It says this in its catalogue, which is an informal publication, soft-backed, very colourful, and framed by sections that literally run artworks into other artworks, so that a double page spread of A Green Sea by Laura Knight (1918) meets a strip of Gluck sky and land from the edge of Cornwall Landscape (1968) and on the next page the rest of that Gluck picture rubs up against a wedge of Dorothy Brett’s Pond at Garsington (1919), which, to see fully, you turn the page, where it’s placed up against a strip of a Jane Simone Bussy landscape from around 1950, which in turn meets the jarring sky-hanging beast of Ithell Colquhoun’s Exposed on the Mountains of the Heart (1957), itself bordered over the page with part of Dora Carrington’s Spanish Landscape with Mountains (1924), which morphs from colour into black and white and becomes the contents page.
This makes working sense of what Hana Leaper says in her essay about the exhibition’s structure setting out to identify Woolf as “a catalyst and connector, and by no means a solitary figure writing into a void.” The exhibition aims, she writes, to embed “Woolf’s feats… within a sustained history of women creators and thinkers.”
But it’s a big relief to leave Judy Chicago’s Study for Virginia Woolf from The Dinner Party (1978) at the door, a work curtailed by words all right – some of them Woolf’s own (from her suicide letter), most of them Chicago’s – accompanying her figuring of Woolf as a vaginal open book, its pages curling like an artichoke or a mechanised peony. “Poor Virginia,” it says in handwriting in the corner. “She was a flower of delicacy, a genius, a shaking leaf – she [tottered? tattered?] on the brink of sanity – holding on long enough, often enough to speak with a true female voice which, like a beacon, beckons us.” Other verbal fragments: “she could not bear”, “her work and life”, “labour of so many”, “sex trampled under”, “angry footsteps”, “gone”. Thank God for Vanessa Bell’s Cornish Cottage (c 1900) hung along from it, slab-like and airy at once with all the inarticulable strangeness of our mercurial seeing of realities, and for her 1934 portrait too (very figurative, as if particularly interested in her substantiality) of a slightly disdainful Woolf holding a cigarette at what can only be called an angle with attitude, and the richness of the culture she’s created and been part of all around her, books piled up, books lining the shelves, the Omega-workshop-like abstracts in the rug at her feet. If there’s something this exhibition does in spades it’s dispel any notion of a “poor Virginia”; it’s a rich show, full of fun and all about the serious application of vitality, specifically revealing when it comes to the energy and vivacity in its lives and works, the invaluable work done and ground shifted by lives up against the odds.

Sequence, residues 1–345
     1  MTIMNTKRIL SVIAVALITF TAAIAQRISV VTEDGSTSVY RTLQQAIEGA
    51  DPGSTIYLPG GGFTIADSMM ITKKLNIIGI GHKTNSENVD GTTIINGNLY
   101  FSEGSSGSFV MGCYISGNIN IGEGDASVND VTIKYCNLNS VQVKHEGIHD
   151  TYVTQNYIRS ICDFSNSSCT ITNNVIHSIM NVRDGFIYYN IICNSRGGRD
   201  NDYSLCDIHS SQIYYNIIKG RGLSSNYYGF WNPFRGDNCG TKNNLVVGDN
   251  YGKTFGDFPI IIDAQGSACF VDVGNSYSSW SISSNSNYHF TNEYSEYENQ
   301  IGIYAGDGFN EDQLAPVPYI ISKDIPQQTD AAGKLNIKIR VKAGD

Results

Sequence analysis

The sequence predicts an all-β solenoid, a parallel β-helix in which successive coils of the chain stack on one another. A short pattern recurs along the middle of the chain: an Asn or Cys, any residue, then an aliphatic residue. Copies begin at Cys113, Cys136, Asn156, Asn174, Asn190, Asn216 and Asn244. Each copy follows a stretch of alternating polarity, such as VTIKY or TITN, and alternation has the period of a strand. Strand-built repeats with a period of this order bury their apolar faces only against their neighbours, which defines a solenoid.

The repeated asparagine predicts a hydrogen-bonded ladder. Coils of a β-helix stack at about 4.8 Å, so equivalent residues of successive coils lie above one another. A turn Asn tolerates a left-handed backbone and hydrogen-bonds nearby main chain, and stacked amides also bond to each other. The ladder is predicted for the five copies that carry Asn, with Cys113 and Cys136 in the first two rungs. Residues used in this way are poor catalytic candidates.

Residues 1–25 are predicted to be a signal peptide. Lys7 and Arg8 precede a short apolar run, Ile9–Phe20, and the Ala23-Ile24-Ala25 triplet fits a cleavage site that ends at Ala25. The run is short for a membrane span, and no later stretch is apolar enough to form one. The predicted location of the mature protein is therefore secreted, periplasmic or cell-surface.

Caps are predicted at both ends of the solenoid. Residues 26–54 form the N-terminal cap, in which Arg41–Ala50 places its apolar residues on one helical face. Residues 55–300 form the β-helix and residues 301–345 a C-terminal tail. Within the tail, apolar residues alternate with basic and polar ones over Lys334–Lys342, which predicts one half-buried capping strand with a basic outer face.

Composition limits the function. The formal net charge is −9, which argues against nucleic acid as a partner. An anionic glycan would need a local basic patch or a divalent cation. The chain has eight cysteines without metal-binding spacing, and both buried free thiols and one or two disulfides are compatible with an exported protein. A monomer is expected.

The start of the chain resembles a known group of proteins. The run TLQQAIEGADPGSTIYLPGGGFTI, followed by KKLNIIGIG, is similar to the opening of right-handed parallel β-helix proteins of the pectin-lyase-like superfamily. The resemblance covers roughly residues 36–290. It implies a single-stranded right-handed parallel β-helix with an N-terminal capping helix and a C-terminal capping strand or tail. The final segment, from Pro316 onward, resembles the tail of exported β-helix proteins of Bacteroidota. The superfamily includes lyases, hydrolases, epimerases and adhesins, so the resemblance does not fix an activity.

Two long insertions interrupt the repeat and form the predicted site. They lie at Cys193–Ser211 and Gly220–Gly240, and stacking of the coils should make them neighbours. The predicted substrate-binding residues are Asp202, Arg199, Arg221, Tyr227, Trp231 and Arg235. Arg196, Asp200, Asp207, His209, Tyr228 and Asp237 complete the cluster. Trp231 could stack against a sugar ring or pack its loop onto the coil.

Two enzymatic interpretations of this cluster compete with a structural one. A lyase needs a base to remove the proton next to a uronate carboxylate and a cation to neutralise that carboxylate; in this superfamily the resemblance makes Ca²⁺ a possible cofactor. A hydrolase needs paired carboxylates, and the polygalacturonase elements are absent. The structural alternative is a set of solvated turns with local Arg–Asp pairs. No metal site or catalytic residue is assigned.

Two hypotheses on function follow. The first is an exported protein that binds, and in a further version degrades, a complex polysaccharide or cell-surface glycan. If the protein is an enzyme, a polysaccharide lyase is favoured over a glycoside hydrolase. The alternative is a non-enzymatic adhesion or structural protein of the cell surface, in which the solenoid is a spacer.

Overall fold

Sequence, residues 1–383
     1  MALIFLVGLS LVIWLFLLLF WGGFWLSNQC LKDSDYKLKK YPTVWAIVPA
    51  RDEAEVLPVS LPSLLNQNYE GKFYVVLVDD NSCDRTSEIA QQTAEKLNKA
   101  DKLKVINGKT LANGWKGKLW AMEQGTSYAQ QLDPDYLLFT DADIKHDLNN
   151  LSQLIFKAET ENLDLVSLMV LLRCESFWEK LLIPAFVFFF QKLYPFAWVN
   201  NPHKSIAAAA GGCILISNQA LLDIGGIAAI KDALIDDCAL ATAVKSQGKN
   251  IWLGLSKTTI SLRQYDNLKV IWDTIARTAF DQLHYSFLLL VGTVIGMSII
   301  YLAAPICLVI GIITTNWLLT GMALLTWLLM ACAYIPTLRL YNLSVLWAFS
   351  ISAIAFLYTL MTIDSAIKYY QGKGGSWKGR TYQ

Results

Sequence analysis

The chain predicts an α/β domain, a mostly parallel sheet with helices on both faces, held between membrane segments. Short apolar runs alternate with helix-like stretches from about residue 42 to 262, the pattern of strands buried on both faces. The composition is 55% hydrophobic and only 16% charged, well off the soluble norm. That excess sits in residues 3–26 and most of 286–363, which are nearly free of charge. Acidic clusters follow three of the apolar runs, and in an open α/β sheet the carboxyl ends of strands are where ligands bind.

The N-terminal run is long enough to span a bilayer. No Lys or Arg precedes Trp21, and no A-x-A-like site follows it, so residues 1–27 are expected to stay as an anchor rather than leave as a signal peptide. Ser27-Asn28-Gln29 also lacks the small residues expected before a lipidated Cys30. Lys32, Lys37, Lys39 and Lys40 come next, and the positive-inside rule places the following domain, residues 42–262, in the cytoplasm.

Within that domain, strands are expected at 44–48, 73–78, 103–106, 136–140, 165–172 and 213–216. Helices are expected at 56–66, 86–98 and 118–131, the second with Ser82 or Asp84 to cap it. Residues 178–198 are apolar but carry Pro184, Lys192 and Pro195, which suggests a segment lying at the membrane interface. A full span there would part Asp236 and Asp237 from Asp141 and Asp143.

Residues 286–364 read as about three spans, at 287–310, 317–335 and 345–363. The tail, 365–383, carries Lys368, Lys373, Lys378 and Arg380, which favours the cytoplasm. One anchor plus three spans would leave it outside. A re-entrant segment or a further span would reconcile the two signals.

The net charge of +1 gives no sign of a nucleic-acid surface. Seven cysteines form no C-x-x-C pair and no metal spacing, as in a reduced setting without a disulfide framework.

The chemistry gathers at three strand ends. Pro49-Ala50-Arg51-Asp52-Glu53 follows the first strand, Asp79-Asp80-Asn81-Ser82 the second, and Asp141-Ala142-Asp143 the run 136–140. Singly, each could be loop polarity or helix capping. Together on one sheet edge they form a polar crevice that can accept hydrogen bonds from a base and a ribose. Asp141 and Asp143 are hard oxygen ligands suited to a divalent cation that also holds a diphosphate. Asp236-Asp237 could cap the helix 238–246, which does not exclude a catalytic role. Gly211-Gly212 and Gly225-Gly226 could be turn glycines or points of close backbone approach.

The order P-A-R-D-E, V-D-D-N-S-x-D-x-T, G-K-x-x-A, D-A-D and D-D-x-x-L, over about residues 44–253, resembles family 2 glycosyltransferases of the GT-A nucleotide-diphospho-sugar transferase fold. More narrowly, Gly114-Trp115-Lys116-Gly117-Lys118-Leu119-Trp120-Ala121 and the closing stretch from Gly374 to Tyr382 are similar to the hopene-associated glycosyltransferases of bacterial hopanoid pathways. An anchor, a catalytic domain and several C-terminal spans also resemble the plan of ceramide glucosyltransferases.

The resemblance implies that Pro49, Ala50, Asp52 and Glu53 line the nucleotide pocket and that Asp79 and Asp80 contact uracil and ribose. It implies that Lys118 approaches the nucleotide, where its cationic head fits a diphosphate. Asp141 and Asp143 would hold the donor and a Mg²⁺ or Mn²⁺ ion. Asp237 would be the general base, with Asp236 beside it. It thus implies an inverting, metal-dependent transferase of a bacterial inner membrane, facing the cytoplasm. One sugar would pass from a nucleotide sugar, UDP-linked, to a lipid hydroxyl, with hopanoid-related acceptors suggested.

Take Dora Carrington, whose lovely unruliness, blunt charm and gracefulness can’t not shine out of the photographs and the handwritten letters on display, full of mischief, life, love. Not that the dark times aren’t contextualised: in her painting Farm at Watendlath (1921) the woman and child in their white Edwardian dress have turned their backs on us, become caricatured and tiny, dwarfed by dark geometrics, the haunted-looking buildings with their cross-eyed look, their windows simultaneously gaping and shut, and looming above, shouldering out what little line of light there is, the mountains dwarfing all the human and social structures. Then there’s the surreal fecundity in her Spanish Landscape with Mountains (c 1924), spiky plants in the desert in front of hills that strain against their own surfaces as if to burst, like huge boils, in a landscape that’s so like body-parts, knees and breasts covered tight with skin or sheeting, that it cancels the human, makes us nothing but landscape after all.